Opening Remarks to U.S. House Committee on Education and the Workforce


Good morning. Chairwoman Foxx, Ranking Member Scott, and members of the Committee, my name is Gene Block and I am the Chancellor at the University of California, Los Angeles. Thank you for inviting me here today.

Let me start by affirming that all forms of discrimination, including antisemitism and Islamophobia, are antithetical to UCLA’s values and corrosive to our culture. We also take seriously our obligation to provide a safe and secure environment for our community. I wish I could say our campus has been immune to the disturbing rise of antisemitism that has occurred across our country since the horrific attack on Israel of October 7th. Sadly, it’s not the case. What I can say, and what I look forward to addressing today, is how we have been confronting— and will continue to confront—this challenge.

Last summer, I announced my intent to retire this July after leading UCLA for 17 years. These are my final months as Chancellor of this distinguished institution. While I am saddened by the recent turmoil on our campus, I’m also proud of our legacy as a university deeply committed to the peaceful expression of differing viewpoints. It is my sincere belief that we cannot have a functioning democracy if we are unable to speak freely about the most consequential events of the day.

As a public university, UCLA is subject to a dual legal mandate: we have a legal obligation under the First Amendment to protect free speech on campus, as well as a legal obligation under federal law to protect students from discrimination and harassment.

This balance is not always easy to achieve. And it has been especially difficult since October 7th. I am fully aware that many of our Jewish students have had to confront rhetoric and images on campus that any reasonable person would find repugnant. Trust me, I understand their pain. I’ve lived it myself.

…As a Jewish kid growing up in the Catskills region of New York, in a family with relatives who were Holocaust victims and survivors.

…As the former provost of the University of Virginia, watching neo-Nazis riot outside the synagogue where my children were called to the Torah.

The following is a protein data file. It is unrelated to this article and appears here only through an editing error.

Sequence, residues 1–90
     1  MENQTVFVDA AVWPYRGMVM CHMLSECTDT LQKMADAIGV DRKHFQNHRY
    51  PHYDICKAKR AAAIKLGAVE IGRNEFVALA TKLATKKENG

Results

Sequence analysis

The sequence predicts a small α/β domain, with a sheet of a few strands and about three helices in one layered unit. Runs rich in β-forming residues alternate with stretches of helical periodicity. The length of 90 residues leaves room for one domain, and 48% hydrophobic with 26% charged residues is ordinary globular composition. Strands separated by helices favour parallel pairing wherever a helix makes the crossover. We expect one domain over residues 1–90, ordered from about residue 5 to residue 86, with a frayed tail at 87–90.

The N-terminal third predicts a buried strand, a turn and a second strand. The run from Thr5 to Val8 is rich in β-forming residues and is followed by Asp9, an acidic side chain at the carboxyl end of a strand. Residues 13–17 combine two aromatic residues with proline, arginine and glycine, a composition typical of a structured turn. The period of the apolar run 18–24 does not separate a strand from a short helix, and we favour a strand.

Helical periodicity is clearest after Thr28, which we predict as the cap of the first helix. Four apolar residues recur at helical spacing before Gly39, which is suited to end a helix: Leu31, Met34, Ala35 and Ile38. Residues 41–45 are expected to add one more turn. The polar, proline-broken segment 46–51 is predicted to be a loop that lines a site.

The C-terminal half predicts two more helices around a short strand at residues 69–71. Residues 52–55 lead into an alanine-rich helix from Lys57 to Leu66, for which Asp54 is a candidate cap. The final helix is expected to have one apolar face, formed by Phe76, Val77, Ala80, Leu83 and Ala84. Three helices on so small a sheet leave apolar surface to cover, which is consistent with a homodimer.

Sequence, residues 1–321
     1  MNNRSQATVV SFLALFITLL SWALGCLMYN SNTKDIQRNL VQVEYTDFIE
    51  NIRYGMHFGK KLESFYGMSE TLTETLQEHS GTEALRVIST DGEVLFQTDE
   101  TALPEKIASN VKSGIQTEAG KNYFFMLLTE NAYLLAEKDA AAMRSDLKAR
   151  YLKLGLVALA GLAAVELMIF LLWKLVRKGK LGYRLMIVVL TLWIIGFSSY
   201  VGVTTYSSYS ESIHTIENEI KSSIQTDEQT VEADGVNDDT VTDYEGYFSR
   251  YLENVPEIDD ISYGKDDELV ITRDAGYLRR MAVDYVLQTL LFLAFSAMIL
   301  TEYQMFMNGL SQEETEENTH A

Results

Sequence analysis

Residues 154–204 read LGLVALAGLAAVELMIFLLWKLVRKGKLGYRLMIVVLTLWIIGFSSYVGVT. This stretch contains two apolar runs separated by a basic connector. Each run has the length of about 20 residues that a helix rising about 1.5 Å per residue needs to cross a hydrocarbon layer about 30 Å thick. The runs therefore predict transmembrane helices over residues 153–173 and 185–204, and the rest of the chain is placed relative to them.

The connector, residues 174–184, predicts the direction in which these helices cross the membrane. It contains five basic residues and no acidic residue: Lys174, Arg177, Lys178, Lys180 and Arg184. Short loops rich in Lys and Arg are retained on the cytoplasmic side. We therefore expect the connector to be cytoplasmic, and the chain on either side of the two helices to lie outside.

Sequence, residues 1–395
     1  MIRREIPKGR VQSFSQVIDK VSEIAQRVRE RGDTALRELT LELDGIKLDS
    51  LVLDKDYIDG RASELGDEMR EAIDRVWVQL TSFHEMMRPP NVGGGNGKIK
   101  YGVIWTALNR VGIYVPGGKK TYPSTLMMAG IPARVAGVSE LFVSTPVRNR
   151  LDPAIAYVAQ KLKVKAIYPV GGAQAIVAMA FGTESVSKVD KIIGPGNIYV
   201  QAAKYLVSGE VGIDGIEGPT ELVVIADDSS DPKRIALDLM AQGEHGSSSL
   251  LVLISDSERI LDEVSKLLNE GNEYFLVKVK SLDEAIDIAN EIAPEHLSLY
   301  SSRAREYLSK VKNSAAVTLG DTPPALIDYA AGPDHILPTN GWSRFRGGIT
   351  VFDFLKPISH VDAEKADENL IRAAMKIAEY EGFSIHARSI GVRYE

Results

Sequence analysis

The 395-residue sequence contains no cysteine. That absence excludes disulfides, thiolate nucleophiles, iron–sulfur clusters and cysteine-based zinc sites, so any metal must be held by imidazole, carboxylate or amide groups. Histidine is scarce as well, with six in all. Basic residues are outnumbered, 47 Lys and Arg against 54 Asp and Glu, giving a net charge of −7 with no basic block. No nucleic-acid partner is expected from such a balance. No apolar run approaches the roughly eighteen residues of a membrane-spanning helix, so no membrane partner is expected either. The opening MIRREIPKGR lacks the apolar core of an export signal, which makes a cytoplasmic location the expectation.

…As the chancellor of UCLA where an art show depicted me with exaggerated facial features that was reminiscent of caricatures of Jews during the Nazi era.

As we all know, being an American means sometimes being asked to tolerate offensive and even hateful speech protected by our Constitution. But there are limits. At UCLA, we draw the line when speech crosses into intimidation, threats, and harassment of others.

UCLA has a long and proud history of peaceful protest and demonstration. Before October 7th, we had successfully employed de-escalation strategies recommended by the University of California to address campus protests. But on April 25th, as conflict spread on universities across the country, a protest sprang up in the center of our campus, testing the limits of our traditional approach.

We followed University of California systemwide policy guidance that directs all ten UC campuses not to use law enforcement to remove protesters unless it is absolutely necessary to protect the physical safety of the community. Accordingly, the encampment was allowed to remain. As the encampment grew to more than 500 protesters, some of whom were not even affiliated with UCLA, it disrupted normal access to some classes, which impeded our educational mission. On April 28th, I decided to remove the encampment after violence broke out between opposing rallies and I asked for a security plan to safely do so. Two days later, we gave the protesters written notice that the encampment was an unlawful assembly and that we would remove it if the protesters did not disperse. But before the necessary police resources could be assembled to remove the encampment, which had become a focal point of conflict, assailants attacked the encampment that evening. Tragically, it took several hours before law enforcement could quell the violence. With the support of the University of California’s President Michael Drake, we provided protesters a final opportunity to leave that next day. But, when more than 200 protesters refused police orders to leave, law enforcement removed the encampment that night. With the benefit of hindsight, we should have been prepared to immediately remove the encampment if and when the safety of our community was put at risk.

We have taken decisive action in the wake of these events to maintain safety across campus. I created a new Office of Campus Safety that reports directly to me. Under this new unit, UCLA is conducting a thorough examination of our security processes. Additionally, an independent police consultant has initiated a review of the confrontation, including our planning and security protocols. Finally, we will hold accountable those who engaged in violence and violated our policies.

No student should be threatened or excluded based on their beliefs or their identity. While we always strive to meet this obligation, we must also maintain our commitment to academic freedom and free speech. This balance is central to UCLA’s educational mission. It is not always easy to strike a perfect balance, but it must always be our goal.

Thank you again and I am looking forward to answering your questions.